Iraqis seem divided on who they would like to see as the next US president, but few believe that either will end the occupation. “The US administration has committed a big mistake in Iraq,” Adil Ibrahim, a local physician in Baquba, capital city of Diyala province, 40 km northeast of Bagdhdad, said. “We hope that whoever wins, the new administration can mend the huge mistakes of this one.”

Some wish for Barack Obama to win because he claims to represent a great change in the history of the US. “Being a black man, he definitely carries different thoughts about the world,” Ali Hussein, a city employee, said. “We sympathise with him since he has some kind of Muslim origins. He may view Arabs in a new and different way.” Adding to this view, Naser Mahdi, a secondary school teacher, said, “I feel he is totally different. The world needs new blood in rulers, and we hope that he might decrease the dominating authority of the US.”

But Abdulla Hamid, a city resident, expressed deep concern over Obama’s recent speech at the influential American Israel Public Affairs Committee (AIPAC), the pro-Israel lobby in the US. “What hope is there in a man who wears the Israeli flag and calls for a Jewish state with a unified Jerusalem,” Hamid said. “Obama clearly couldn’t care less about us.” Hamid referred to the fact that Obama appeared at the speech with a lapel pin comprised of both the US and Israeli flags. Obama’s call for a unified Jerusalem omitted Palestinians’ demands for their share of Jerusalem. Like most US citizens, most Iraqis are not familiar with US foreign policy. While Obama, the Democratic presidential hopeful, calls for a shift in the US policy in Iraq, neither he nor his Republican rival, John McCain, talk about changing the National Security Strategy of the US, or the military document Joint Vision 2020, which calls for “full spectrum dominance” of the world by the US military by the year 2020.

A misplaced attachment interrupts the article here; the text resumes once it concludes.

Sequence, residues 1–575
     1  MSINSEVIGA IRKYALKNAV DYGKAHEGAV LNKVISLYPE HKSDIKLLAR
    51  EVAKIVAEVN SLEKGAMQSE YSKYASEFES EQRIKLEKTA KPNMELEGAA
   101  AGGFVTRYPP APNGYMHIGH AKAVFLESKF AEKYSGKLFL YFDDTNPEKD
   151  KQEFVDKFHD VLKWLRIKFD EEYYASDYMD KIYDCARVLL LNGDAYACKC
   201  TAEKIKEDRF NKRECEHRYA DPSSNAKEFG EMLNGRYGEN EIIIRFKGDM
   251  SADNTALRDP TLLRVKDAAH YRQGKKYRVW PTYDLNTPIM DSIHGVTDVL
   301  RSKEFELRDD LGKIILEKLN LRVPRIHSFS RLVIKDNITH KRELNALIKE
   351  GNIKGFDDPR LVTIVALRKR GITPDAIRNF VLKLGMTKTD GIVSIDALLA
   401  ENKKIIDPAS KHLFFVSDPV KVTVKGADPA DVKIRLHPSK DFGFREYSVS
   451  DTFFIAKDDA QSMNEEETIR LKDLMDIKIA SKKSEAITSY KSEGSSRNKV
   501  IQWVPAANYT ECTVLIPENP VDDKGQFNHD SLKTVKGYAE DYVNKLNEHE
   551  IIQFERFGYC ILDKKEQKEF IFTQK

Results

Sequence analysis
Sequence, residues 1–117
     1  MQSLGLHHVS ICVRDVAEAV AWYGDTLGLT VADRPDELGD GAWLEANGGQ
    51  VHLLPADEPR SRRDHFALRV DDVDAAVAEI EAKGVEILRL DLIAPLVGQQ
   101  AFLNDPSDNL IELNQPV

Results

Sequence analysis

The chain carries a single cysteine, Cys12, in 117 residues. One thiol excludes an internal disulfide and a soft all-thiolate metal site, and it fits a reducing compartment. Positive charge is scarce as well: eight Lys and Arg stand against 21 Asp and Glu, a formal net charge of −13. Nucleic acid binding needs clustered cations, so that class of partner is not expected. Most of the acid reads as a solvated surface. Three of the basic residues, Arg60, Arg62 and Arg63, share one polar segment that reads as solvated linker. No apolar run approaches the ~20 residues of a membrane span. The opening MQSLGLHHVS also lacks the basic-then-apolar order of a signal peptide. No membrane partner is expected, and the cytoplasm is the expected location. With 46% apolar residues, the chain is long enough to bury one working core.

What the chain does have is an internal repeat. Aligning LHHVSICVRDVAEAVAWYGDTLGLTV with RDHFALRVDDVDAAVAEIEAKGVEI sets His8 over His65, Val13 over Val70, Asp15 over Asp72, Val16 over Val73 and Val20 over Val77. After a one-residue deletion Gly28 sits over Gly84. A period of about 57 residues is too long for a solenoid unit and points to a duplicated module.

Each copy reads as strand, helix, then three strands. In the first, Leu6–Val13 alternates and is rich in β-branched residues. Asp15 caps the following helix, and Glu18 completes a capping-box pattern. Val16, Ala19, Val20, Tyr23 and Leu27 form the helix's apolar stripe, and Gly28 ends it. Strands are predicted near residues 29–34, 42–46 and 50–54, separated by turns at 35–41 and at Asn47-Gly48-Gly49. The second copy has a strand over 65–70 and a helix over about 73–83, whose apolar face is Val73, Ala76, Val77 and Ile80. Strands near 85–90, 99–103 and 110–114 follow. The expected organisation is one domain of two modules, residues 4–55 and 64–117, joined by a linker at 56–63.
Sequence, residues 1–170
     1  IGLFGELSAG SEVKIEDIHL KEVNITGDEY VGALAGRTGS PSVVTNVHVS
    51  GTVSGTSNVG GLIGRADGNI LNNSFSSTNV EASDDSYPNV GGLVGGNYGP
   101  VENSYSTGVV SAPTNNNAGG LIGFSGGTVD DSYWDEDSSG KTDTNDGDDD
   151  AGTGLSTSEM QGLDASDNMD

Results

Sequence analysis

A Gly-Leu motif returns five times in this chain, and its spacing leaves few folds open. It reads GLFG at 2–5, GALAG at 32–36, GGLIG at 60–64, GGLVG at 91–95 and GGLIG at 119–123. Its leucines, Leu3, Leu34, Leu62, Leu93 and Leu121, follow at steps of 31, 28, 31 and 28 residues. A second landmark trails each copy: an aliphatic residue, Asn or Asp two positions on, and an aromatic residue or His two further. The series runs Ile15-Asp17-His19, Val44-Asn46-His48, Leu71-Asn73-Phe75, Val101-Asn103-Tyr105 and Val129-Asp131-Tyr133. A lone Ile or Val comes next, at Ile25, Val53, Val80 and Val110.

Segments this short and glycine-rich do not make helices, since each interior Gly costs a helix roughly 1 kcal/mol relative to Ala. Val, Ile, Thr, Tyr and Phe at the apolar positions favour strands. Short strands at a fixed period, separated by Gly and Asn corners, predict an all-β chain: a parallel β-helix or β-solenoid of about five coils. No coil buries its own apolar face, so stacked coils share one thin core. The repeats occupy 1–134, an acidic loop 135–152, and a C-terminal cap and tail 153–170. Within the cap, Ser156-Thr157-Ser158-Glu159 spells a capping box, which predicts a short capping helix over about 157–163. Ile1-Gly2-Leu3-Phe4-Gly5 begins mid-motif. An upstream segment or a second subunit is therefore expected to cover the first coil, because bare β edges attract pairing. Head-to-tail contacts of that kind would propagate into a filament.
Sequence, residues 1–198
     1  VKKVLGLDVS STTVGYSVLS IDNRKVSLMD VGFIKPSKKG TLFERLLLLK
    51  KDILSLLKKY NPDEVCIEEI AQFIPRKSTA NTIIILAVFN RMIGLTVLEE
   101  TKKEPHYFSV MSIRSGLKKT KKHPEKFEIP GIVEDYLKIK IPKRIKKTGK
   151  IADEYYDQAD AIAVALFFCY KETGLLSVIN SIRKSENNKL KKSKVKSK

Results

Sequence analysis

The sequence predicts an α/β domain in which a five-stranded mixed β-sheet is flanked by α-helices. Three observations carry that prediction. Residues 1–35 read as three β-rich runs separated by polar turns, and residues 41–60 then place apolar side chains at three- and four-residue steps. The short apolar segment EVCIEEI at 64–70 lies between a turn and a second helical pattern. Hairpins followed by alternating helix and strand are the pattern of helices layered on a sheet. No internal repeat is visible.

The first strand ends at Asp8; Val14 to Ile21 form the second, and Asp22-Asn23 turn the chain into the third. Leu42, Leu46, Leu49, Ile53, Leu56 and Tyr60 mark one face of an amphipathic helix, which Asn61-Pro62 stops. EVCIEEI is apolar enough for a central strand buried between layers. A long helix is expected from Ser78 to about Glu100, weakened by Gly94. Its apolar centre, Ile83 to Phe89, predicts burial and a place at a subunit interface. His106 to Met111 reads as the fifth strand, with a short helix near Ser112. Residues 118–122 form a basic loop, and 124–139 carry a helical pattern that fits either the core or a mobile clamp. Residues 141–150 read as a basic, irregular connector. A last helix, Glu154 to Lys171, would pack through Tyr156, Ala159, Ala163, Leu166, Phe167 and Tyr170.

‘Full spectrum dominance’ means not just total control of land, air, and sea, but also of information and of space. “The US strategy is firm and unchanging,” a political analyst at Diyala University said. “It makes no difference whether one wins or the other. The general strategy is well established, and is never affected by the changing of the president.” “I do agree with this point of view,” local merchant Abdul-Rahman said. “During the nineties we wished that Bill Clinton would win in order to stop the economic sanctions that caused us so much suffering. When Clinton became president, sanctions remained, and even worsened.”

Barak Obama has made public statements that he will withdraw US forces from Iraq. But his advisors speak of plans to keep at least 60,000-90,000 troops in Iraq, and at least until 2013. Many Iraqis appear skeptical of the promises made by Obama. “I’ll believe the troops are gone from Iraq when they are no longer on our streets and their warplanes no longer bomb our homes,” a local merchant said. “All politicians are liars, even school children know this.” — IPS